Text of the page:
Grammatical diffusion in Australia: free and bound pronouns

Dixon, R.M.W. (2007) Grammatical diffusion in Australia: free and bound pronouns. In: Aikhenvald, Alexandra Y., and Dixon, R.M.W., (eds.) Grammars In Contact: a cross-linguistic typology. Explorations In Linguistic Typology, 4 . Oxford University Press, Oxford, UK, pp. 67-93.

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[Extract] Aboriginal people and their languages have been in Australia for at least 40,000 years. The first settlers, speaking one or more languages, would within a few thousand years have spread out over the whole continent; at that time, a 'family tree' model of relationships would probably have been retrievable. This initial phase was then followed by tens of millennia of an 'equilibrium situation' (see Dixon 1997: 67– 96), during which the overall number of languages would have remained roughly constant; the number might from time to time have doubled or halved, as water resources waxed and waned, but would not have changed in any more extreme fashion. The people were typically multilingual and there was constant social interaction, so that grammatical and phonological features - and lexemes - underwent steady geographical diffusion.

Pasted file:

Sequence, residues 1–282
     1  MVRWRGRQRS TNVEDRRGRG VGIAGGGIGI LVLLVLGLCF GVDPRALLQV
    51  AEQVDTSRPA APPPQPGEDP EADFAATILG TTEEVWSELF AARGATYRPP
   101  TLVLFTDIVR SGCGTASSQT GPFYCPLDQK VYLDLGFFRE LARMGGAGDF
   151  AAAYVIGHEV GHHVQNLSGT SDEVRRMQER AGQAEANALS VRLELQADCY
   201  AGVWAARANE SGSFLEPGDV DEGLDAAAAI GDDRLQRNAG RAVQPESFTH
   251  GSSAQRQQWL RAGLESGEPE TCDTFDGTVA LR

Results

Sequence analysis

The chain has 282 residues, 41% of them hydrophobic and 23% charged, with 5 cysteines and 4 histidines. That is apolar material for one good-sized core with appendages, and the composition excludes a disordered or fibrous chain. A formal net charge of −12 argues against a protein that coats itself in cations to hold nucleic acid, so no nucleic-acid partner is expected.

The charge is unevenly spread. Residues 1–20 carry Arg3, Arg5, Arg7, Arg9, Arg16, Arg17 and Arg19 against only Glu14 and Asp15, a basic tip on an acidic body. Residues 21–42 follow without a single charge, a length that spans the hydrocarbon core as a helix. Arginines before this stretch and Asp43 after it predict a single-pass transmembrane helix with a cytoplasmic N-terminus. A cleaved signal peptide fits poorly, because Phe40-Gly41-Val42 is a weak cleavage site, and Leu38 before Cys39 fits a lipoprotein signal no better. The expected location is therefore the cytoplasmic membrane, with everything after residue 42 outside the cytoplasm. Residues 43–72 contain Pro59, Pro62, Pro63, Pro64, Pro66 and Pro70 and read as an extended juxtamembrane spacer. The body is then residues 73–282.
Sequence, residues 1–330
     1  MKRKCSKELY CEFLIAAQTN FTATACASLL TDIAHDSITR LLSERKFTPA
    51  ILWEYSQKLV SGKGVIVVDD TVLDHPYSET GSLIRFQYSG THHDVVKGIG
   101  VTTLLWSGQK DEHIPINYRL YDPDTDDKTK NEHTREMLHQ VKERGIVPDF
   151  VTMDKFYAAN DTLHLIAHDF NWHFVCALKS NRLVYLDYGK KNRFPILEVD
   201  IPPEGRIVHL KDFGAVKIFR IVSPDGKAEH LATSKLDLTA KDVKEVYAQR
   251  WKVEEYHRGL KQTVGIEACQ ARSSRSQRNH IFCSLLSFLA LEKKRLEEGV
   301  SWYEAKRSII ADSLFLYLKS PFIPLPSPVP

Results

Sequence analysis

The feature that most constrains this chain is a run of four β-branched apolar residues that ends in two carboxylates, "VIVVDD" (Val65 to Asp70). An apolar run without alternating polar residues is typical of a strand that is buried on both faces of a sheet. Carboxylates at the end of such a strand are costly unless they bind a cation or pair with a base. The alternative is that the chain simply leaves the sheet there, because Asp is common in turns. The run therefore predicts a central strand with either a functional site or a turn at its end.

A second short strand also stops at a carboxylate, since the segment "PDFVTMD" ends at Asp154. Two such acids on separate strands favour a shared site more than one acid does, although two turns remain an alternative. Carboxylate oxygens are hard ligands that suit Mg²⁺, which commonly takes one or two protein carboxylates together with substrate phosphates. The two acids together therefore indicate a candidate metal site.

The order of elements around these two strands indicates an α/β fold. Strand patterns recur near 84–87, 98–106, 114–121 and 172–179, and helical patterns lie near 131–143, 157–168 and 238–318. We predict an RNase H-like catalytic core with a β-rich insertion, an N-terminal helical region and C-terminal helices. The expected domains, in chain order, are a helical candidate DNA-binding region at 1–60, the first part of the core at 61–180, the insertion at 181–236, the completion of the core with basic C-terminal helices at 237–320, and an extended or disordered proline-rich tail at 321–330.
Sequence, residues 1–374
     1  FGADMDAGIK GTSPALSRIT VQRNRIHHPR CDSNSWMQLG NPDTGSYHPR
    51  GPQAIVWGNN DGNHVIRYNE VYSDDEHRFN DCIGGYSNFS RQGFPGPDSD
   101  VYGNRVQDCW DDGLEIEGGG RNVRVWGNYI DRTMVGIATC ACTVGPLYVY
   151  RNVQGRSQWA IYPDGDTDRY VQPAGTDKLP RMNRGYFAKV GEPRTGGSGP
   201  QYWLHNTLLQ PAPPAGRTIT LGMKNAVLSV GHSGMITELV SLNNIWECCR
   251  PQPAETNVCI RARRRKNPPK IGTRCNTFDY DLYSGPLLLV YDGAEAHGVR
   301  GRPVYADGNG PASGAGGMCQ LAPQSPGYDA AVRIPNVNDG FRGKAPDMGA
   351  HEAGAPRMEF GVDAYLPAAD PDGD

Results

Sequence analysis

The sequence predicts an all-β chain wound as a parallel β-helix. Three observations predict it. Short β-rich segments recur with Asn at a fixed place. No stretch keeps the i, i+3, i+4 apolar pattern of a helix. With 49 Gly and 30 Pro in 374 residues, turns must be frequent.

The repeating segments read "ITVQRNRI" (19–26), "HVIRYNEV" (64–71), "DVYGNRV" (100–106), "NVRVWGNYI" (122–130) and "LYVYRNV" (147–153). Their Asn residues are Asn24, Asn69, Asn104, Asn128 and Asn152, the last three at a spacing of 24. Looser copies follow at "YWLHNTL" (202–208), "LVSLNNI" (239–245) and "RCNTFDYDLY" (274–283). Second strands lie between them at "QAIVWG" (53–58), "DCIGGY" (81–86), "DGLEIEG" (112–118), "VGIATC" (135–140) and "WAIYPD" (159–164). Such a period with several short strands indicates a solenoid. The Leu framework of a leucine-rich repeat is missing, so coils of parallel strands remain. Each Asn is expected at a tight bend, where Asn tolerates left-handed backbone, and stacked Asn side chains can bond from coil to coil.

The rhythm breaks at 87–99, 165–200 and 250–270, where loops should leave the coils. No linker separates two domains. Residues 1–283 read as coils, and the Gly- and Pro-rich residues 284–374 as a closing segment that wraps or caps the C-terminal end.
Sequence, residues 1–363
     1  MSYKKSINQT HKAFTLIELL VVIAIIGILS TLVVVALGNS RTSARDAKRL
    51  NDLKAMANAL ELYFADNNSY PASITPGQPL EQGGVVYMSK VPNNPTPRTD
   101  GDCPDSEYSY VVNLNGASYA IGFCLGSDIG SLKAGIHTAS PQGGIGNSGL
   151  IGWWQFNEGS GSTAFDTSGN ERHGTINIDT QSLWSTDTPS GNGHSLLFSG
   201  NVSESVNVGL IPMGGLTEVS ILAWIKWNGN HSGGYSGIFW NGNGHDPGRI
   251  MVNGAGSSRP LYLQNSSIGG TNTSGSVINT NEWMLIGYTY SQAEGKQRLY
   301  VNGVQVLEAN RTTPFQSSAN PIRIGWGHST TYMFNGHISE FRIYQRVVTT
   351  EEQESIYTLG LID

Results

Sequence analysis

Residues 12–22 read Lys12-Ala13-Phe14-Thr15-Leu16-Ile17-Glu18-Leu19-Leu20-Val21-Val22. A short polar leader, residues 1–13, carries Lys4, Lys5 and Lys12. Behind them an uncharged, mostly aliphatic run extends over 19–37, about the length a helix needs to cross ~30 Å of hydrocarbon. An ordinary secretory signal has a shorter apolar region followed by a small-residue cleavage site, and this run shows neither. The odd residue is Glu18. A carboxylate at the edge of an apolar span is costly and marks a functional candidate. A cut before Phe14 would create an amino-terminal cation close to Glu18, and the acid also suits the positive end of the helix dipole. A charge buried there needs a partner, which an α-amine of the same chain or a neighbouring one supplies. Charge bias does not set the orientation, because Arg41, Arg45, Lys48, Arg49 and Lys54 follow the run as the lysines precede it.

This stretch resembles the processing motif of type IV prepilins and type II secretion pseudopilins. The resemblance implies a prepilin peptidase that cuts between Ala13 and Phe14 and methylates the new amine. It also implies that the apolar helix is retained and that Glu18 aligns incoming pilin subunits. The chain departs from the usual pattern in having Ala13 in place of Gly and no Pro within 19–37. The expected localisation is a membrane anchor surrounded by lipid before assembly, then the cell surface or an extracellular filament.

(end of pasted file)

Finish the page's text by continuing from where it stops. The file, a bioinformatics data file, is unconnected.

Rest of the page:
At the time of European invasion (a couple of centuries ago) there were around 250 distinct languages in Australia. By application of the standard methodology of comparative linguistics, about forty low-level genetic groups can be recognized (most with just two or three members, none with more than fifteen), plus scores of isolates. It is not feasible to set up an all encompassing 'family tree' of Australian languages. (The much-vaunted 'Pama-Nyungan' idea - founded on lexicostatistics, and later reinterpreted in other terms - is not defensible scientifically. A lengthy discussion of the history of the idea, and its insufficiency, is in Dixon 2001: 89– 98; 2002: 44– 54.)

Item ID: 16802
Item Type: Book Chapter (Research - B1)
ISBN: 978-0-19-920783-1
Date Deposited: 11 Oct 2011 01:01
FoR Codes: 20 LANGUAGE, COMMUNICATION AND CULTURE > 2004 Linguistics > 200407 Lexicography @ 100%
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